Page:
• Webster's Revised Unabridged Dictionary
    • n Hoveler One who assists in saving life and property from a wreck; a coast boatman.
    • ***
Century Dictionary and Cyclopedia
    • n hoveler On some parts of the coast of England, one of a class of persons employed as non-certificated pilots, as wreckers, in landing passengers from ships by means of boats, etc.: probably so called from their use of hovels on shore for shelter.
    • n hoveler Hence An English coasting-vessel used for all sorts of work.
    • ***


  • Emily Bronte
    “Having leveled my palace, don't erect a hovel and complacently admire your own charity in giving me that for a home.”
  • Horace
    “Pale death with an impartial foot knocks at the hovels of the poor and the palaces of king.”


In literature:

What a mean, pokey, ugly little dirty hovel it was!
"Waysiders" by Seumas O'Kelly
Palace or hovel; riches or poverty, all are equally indifferent to me, provided her presence animates the spot!
"The Poor Gentleman" by Hendrik Conscience
Have you cared for the laborer till, from a home of comfort, he has but a hovel for shelter?
"Library Of The World's Best Literature, Ancient And Modern, Vol 6" by Various
No; but oftentimes her bridegroom Has come fatigued with hunting, to my hovel.
"The Death of Balder" by Johannes Ewald
He dwelt in a tumbledown hovel but a short distance from our house.
"Lippincott's Magazine of Popular Literature and Science, Vol. XVII. No. 101. May, 1876." by Various
The infection that starts in the hovel finally strikes down the rich man's child, enthroned in the palace.
"The Nervous Housewife" by Abraham Myerson
We spied a hovel with a Gothic portal; further on was an old wall with an ogive door; a leafless bush swayed there in the breeze.
"Over Strand and Field" by Gustave Flaubert
Ingomede had urged this upon Tullis, still oppressed by the feeling of disaster that had come over her in the hovel.
"Truxton King" by George Barr McCutcheon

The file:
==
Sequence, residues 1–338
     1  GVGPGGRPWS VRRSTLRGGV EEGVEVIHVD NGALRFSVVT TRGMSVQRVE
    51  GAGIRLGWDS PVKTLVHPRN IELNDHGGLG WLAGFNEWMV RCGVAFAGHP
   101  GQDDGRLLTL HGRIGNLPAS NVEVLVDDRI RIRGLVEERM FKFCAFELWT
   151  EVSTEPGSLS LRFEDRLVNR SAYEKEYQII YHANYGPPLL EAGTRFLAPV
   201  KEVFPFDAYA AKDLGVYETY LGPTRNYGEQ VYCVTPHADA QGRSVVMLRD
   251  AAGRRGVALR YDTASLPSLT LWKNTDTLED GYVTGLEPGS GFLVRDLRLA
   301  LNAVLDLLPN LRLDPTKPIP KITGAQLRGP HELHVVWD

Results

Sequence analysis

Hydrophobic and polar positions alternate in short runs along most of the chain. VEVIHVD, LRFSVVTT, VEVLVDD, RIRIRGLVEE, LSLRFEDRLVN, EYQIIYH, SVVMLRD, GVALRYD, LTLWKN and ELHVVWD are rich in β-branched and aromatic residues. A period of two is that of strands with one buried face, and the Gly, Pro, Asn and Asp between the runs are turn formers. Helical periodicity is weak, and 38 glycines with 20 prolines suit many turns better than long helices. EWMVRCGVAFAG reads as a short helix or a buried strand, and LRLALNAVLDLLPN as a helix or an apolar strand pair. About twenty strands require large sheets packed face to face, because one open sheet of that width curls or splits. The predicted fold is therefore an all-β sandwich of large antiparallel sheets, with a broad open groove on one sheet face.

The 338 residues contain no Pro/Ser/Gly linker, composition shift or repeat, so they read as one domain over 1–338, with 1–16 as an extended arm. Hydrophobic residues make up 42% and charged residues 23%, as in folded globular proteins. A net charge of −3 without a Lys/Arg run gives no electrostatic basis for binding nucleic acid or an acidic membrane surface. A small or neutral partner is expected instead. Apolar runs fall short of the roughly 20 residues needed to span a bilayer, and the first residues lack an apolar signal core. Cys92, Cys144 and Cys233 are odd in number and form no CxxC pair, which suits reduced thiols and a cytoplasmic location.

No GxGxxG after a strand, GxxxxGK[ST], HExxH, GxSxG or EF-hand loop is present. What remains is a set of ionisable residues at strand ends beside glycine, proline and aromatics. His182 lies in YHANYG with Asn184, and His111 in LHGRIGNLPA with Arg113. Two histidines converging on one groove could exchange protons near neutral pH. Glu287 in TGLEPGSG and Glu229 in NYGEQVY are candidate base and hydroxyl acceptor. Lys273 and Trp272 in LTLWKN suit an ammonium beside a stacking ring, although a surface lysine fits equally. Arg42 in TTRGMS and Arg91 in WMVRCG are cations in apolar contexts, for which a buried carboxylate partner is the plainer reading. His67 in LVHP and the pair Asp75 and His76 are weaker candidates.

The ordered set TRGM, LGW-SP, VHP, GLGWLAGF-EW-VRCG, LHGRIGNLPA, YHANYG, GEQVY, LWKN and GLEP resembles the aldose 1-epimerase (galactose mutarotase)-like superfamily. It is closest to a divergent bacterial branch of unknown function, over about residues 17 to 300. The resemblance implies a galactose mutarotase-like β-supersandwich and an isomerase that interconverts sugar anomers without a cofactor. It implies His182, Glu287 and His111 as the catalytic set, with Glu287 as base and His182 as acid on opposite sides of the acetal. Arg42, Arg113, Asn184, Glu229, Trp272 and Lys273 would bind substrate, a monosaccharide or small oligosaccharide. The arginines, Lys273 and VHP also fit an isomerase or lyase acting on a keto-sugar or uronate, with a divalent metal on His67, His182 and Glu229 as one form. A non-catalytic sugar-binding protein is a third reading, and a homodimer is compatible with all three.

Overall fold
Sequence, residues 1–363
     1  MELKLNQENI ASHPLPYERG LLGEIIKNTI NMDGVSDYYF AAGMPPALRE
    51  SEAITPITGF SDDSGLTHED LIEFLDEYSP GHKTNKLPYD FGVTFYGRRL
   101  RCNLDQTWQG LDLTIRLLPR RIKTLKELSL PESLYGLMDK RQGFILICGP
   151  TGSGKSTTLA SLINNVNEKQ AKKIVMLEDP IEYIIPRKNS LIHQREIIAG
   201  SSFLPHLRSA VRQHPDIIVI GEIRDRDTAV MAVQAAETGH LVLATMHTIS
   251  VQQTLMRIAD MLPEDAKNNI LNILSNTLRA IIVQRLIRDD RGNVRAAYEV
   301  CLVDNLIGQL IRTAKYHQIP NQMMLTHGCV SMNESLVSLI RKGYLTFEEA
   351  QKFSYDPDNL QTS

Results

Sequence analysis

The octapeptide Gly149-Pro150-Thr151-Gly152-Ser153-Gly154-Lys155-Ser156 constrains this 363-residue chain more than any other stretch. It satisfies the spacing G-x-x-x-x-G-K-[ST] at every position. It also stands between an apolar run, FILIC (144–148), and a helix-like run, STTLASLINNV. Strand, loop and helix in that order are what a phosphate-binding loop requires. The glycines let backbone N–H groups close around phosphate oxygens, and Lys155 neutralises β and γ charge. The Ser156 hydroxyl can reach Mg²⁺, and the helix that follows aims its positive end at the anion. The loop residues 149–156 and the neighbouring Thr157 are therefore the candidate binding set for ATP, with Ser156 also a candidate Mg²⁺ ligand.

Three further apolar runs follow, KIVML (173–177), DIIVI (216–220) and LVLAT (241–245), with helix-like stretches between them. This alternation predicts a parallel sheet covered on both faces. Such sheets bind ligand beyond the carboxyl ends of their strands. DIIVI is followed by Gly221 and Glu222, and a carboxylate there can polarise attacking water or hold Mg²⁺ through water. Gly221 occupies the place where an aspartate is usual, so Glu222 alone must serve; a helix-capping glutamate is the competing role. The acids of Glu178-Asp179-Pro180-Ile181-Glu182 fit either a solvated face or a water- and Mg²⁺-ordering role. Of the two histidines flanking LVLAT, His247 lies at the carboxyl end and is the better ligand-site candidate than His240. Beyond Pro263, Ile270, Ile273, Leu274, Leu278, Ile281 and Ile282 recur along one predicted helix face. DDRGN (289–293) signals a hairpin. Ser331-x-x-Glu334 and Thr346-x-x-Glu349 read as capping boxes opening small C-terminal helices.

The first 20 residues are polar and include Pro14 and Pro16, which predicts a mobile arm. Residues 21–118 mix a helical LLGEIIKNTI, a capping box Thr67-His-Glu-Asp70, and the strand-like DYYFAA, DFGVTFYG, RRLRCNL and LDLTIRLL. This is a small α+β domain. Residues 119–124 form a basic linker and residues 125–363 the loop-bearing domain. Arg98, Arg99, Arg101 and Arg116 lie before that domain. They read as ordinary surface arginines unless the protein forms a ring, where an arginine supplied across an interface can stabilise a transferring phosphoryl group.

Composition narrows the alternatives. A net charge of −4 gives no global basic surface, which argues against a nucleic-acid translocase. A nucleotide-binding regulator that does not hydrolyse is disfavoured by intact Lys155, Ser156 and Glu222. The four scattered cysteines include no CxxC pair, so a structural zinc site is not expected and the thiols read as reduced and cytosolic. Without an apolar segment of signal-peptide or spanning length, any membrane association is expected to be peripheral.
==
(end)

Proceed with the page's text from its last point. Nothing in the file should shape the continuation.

Some were leaving the house, preferring to die in their own hovels rather than in the Poorhouse.
"The History of the Great Irish Famine of 1847 (3rd ed.) (1902)" by John O'Rourke
These were little sheds, or hovels, built of sticks, and covered with bark.
"A General History and Collection of Voyages and Travels, Vol. 15 (of 18)" by Robert Kerr
They are all expert divers, as familiar with the sea-bottom as with their own ugly little hovels.
"Lippincott's Magazine of Popular Literature and Science, Vol. XII, No. 28. July, 1873." by Various
I looked at their hovels and thought of the night, and wondered at their independence, and felt my inferiority.
"Uncle Silas" by J. S. LeFanu
Do you know that during the night in that Korean hovel I found five absolutely new kinds of bug.
"Punch, or the London Charivari, Vol. 159, July 14th, 1920" by Various
Every township in the remote bush has its guinea sweepstake over the Cup, every town hovel its half-crown one.
"Town Life in Australia" by R. E. N. (Richard) Twopeny
After an hour's walk he came in sight of the wretched hovel.
"Mark Hurdlestone" by Susanna Moodie
Hovel = kajuto, terdometo.
"English-Esperanto Dictionary" by John Charles O'Connor and Charles Frederic Hayes
This place consists of huts made of palm-branches and of mud hovels, several of which are in ruins.
"Narrative of a Mission to Central Africa Performed in the Years 1850-51, Volume 1" by James Richardson
The clusters of Irish hovels in upper New York among the towering new buildings are much more picturesque and noticeable.
"Russian Rambles" by Isabel F. Hapgood
He is quite an ogre, and lives in a miserable hovel.
"A Crooked Path" by Mrs. Alexander
Such a hovel, such squalor it would be hard to imagine.
"Slave Narratives: A Folk History of Slavery in the United States From Interviews with Former Slaves" by Work Projects Administration

In poetry:

He entered in the hovel now,
A sailor there he sees,
His hands were lifted up to Heaven
And he was on his knees.
"The Sailor, Who Had Served In The Slave Trade." by Robert Southey
And oh! how fragrant would become
Each balmy breath of morn,
If every hovel was a home,
And there were none forlorn.
"The Youthful Villager And The Hermit" by James Madison Bell
He stopt,--it surely was a groan
That from the hovel came!
He stopt and listened anxiously
Again it sounds the same.
"The Sailor, Who Had Served In The Slave Trade." by Robert Southey
It surely from the hovel comes!
And now he hastens there,
And thence he hears the name of Christ
Amidst a broken prayer.
"The Sailor, Who Had Served In The Slave Trade." by Robert Southey
A woman lay in a hovel,
Mean, dismal, gasping for breath;
One friend alone was beside her—
The name of him was—Death.
"The Martyr" by Victor James Daley
Poured on the deeps from the steeps of the sky as a chalice,
Flung through the loom that is shuttled by tempests at play,
Myriad the forms you have taken for hovel or palace —
Broken and cast them away!
"Vision" by John Gneisenau Neihardt

In news:

Kent tries to herd Lear into the hovel.
Welcome to the Hovel of Love — and help yourself to free Coors Light, instant coffee and only the finest in economy his-and-her pleasure products.
Just as slumlords have been sentenced by courts to actually live in the hovels they own, I'd like to see Rep.
S hovel-ready was not as.
Car-Nation's Leo Hovel began the job with a 36-grit sanding disc on a small air grinder.
Sylvan and Margaret (Hovel) Loegering, West Fargo, will celebrate their 50th wedding anniversary with an open house from 2 to 4 pm, Sunday, Aug 29.